Arts & Culture
Why Bravo’s ‘Princesses Long Island’ is Like, the Worst Thing Ever
New reality show about JAPS living at home is not so great for the Jews Read More
First, Bravo came for the housewives, and we didn’t say anything because we aren’t housewives. Then, they came for the chefs, and we didn’t say anything because we’re not so great at cooking. But now they’ve come for the JAPS, and it is our civic duty, as a site that dares to call itself Jewcy, to speak up.
I grew up on Long Island. I say that with a mixture of pride and dread—proud because I survived relatively intact (and with great clothes) but also dreading having to hear about that kid you went to college with who was from Roslyn. That said, I like to consider myself, at least in my role as Jewcy editor, as something of a Strong Island guardian. Like, when you tell me I ‘don’t sound like I’m from Long Island at all,’ and I’m supposed to thank you, that’s annoying. And when more than five people I know professionally sent me the link to Bravo’s new show, Princesses Long Island, which premiered last night, I don’t really know what to think.
The nice thing about reality TV these days is that you can pretty much assume everything from the plot lines to the dialogue is scripted, and not actually real at all. But Princesses Long Island hits so close to home (literally!) that it’s unbearably painful to watch. The show centers around six twenty-something young women who live with their parents on Long Island, enjoying the lavish comforts of home and the unending affection of parents who only want them to be happy. But it’s not the 2013 reality of having to move back home because your unpaid internship never turned into that long-promised full-time gig or because your landlord jacked up the rent and your entry-level job doesn’t pay enough—these young women simply never left, and never plan to, until they meet Mr. Right.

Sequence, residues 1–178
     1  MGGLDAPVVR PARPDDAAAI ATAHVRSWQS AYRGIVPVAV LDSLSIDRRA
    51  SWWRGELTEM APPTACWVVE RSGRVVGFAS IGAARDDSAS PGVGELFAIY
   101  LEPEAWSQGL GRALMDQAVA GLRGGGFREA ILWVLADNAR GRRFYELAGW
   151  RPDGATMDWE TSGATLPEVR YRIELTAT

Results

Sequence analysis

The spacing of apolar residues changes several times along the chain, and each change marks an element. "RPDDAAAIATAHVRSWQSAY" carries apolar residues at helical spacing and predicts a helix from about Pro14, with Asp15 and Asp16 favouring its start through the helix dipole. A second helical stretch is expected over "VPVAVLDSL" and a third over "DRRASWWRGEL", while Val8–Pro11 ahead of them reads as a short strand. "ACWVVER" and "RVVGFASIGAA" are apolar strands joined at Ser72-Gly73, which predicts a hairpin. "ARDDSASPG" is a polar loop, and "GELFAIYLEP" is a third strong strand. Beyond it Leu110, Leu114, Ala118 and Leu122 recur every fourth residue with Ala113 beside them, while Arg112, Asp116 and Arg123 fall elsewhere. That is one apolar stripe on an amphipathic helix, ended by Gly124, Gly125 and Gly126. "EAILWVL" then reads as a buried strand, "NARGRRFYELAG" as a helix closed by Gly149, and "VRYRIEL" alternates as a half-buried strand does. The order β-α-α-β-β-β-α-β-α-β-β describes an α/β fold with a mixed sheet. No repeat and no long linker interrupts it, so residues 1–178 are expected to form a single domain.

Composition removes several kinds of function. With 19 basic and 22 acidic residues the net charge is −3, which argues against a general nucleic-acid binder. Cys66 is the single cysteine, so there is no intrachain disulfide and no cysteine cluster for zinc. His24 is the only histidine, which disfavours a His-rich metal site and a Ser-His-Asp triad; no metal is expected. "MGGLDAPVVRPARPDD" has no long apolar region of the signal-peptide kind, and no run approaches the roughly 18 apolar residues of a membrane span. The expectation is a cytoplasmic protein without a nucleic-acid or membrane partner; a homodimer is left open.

The direct transition from dependency on parents to dependency on spouse is one of the most disturbing aspects of the show, which features mostly daughters of wealthy Jewish families who don’t visibly hold jobs (there is one cast member who works, we are constantly reminded). “You need a man to take care of you,” Chanel’s father says during a Friday night dinner. The 27-year-old is obsessed with getting married: “There’s an old Jewish proverb that says, ‘When you marry an old maid, you get a faithful wife,” she tells the camera in the episode’s opening voiceover. “But let’s be honest: no guy on Long Island is going to fall for that one.”
The problem, we learn, is that these girls just aren’t finding guys as great as their fathers—a recurring theme throughout the first episode, encouraged by the mothers and lamented by their prospect-less daughters. It’s twisted and kind of gross. Here’s Ashlee getting a mani-pedi with her dad, wondering how she’ll ever meet a guy who’s as good as he is (“I’m looking for amenities,” she later explains of her ideal mate):
The other irksome part of the show, which mostly reeks of cast members itching to promote their personal ‘brands,’ is the way Judaism is on display, less a religious affiliation and more of a personality trait. Erica, who’s set up as the 29-year-old lush (she falls down while drunkenly singing ‘Hava Nagila’ in the preview for the rest of the season, omg), tells the camera, “We’re reform Jews, which kind of means we’re not that Jewish.” Her father then fakes a blessing before telling the kosher-keeping Chanel, who’s over for a barbecue, that the non-kosher hot dogs are, in fact, kosher.
“Everybody has a stereotype of a Long Island Jewish girl,” Ashlee says at the nail salon, “People get so offended, I’m like bring it: I’m Jewish, I’m American, and I’m a princess.” While there’s certainly something to be said for owning your identity (less so for promoting it shamelessly on television, though), the way they yell ‘Shalom’ in greeting, repeatedly misuse the word ‘verklempt,’ and play up their Jewishness for the camera is pretty revolting. But then again, so is mostly everything else about these young women.